5. Get a lawyer. You wouldn’t perform your own medical operation if you were injured, you’d pay a doctor.  If you have legal trouble, it’s time to bite the bullet and pay a good lawyer.  How do you find one?  Friends might have a recommendation, but make sure you get an expert in the particular field of law at issue.  Contact the local bar association, which typically has a list of lawyers in various fields who are willing to take on new clients.  The first thing to ask the lawyer is what he/she will charge.  Without know this, it’s impossible to decide whether to proceed.  Don’t be shy in asking about the fee upfront.  If you can’t afford a lawyer, call the legal aid society.  Use Google to find a legal aid office near you, and then see if your plight will attract their attention.  Or perhaps you have a lawyer friend who could help you pro bono.

6.  Dig In Your Heels.  If you’re sure that you are in the right (don’t make a mistake as to this), but the other side is being unreasonable in pursuing a groundless claim, tell them you have no more to say.  See if they are willing to go to court to press an unwinnable case.  Many people, faced with a flat refusal, will fume and curse you but ultimately give up.  If they don’t, well then a court will have to figure out who’s right and who’s wrong.  But doing nothing can be a powerful tactic if the other side doesn’t have the will to proceed.
7.  Conclusion.  Legal troubles can be hell on earth, and I don’t envy you your situation.  Good luck with resolving your problem.  Please do not write me for specific legal advice.  I’m retired and no longer practicing law at all, and it’s unethical for me to give legal advice—even free legal advice—when I’m not authorized to practice in the jurisdiction where you live.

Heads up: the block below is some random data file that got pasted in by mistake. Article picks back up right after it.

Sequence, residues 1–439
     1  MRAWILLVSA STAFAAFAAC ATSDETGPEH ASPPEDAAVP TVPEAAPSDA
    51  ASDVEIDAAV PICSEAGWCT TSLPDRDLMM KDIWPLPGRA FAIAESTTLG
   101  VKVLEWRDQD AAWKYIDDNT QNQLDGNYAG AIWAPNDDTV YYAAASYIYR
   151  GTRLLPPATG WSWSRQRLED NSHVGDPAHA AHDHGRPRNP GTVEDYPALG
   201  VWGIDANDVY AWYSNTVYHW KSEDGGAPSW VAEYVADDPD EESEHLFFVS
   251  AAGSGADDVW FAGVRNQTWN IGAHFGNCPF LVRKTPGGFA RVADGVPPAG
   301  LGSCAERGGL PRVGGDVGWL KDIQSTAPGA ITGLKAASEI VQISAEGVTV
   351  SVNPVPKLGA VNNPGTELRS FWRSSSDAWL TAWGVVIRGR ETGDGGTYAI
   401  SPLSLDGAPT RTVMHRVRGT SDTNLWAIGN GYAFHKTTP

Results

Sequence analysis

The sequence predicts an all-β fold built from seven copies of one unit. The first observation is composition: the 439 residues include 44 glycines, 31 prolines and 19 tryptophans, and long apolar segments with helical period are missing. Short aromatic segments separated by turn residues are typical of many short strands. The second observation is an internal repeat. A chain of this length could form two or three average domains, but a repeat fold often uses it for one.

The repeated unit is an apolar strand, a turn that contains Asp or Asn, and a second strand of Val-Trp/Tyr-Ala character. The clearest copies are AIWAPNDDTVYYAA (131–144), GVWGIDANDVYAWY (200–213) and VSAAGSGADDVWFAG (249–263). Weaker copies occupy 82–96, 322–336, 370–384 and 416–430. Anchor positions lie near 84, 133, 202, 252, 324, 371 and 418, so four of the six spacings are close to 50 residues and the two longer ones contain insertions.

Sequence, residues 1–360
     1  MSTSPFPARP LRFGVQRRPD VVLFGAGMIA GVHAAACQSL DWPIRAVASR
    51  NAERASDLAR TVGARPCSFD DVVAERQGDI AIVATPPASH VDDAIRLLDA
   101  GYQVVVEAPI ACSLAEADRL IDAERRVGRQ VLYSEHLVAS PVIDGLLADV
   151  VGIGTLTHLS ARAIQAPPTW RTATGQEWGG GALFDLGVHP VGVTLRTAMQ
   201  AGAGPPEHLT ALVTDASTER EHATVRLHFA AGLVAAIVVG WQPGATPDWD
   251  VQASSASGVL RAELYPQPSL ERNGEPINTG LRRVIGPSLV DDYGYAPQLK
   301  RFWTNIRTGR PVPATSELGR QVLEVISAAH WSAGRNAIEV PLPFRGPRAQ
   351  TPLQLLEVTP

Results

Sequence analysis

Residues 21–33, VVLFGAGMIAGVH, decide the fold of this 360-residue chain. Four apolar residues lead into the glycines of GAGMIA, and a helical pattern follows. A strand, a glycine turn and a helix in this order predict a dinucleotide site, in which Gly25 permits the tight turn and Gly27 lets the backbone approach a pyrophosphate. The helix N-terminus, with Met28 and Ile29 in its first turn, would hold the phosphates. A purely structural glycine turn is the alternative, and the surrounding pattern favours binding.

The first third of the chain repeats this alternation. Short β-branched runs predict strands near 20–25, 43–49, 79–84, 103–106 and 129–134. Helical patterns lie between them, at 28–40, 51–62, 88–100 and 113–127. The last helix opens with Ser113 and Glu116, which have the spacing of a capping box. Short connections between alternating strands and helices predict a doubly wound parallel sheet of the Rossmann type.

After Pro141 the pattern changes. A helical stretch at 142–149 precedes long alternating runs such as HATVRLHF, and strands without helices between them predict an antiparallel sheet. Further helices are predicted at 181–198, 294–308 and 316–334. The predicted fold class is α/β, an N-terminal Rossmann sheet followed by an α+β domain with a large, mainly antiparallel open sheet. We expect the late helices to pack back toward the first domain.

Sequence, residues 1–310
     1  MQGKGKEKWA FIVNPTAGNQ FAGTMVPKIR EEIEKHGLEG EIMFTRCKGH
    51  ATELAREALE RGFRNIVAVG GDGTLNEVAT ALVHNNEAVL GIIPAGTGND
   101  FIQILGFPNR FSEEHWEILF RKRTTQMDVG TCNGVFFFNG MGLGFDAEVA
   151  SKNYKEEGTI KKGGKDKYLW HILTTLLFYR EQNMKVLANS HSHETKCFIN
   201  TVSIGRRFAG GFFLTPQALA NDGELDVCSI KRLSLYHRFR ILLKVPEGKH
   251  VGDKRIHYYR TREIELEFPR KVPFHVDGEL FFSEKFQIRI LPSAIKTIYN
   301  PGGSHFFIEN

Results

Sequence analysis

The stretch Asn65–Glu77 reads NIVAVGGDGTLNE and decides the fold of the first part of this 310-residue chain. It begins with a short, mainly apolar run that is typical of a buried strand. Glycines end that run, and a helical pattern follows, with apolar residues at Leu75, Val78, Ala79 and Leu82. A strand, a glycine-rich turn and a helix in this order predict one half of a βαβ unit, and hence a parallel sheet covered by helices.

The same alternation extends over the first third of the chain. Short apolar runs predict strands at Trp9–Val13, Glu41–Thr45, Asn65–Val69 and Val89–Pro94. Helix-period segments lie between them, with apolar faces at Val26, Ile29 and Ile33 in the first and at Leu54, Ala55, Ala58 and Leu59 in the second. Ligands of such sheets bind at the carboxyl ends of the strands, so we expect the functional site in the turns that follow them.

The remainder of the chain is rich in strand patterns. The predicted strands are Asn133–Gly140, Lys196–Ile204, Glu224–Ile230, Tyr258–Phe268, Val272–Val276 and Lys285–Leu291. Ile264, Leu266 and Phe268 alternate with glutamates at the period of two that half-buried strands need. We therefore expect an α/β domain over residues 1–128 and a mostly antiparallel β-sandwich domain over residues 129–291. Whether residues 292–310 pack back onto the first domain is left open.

Related Posts:

"I Threaten To Sure Apple Over an iPad Cover," April 8, 201l;

"The Payment-In-Full Check: A Powerful Legal Maneuver," April 11, 2011;

"What Non-Lawyers Should Know About Warranties," October 11, 2011;

"How To Write an Effective Legal Threat Letter," October 19, 2011;

“How To Win Arguments and Change Someone’s Mind,” August 5, 2012;

"Mortgage Foreclosures, Missing Promissory Notes, and the Uniform Commercial Code: A New Article," February 11, 2013;
"Legal Terms You Should Know," September 11, 2013;

“Clicking on 'I Agree': Sticking Your Head in the Lion's Mouth?” September 27, 2014;

 “My Battle with Sony To Get a Refund on a DVD Player”;

“A Guide to the Best of My Blog,” April 29, 2013;

Monday, March 17, 2014

Is It Legal To Discriminate Against Gay People?

The State of Arizona has recently endured an embarrassing episode where the legislature passed an amendment to the state’s Religious Freedom Restoration Act allowing business owners to deny service to gay and lesbian customers so long as proprietors were acting solely on their religious beliefs.  This caused such a national outcry and threats of boycotting Arizona (moving the Superbowl from there next year!!!) that even legislators who’d voted for the bill were startled by what might happen and urged Governor Jan Brewer to veto it, which she promptly did.  The dustup over this caused the withdrawal of similar bills in other states, including Ohio where I live.  Whew!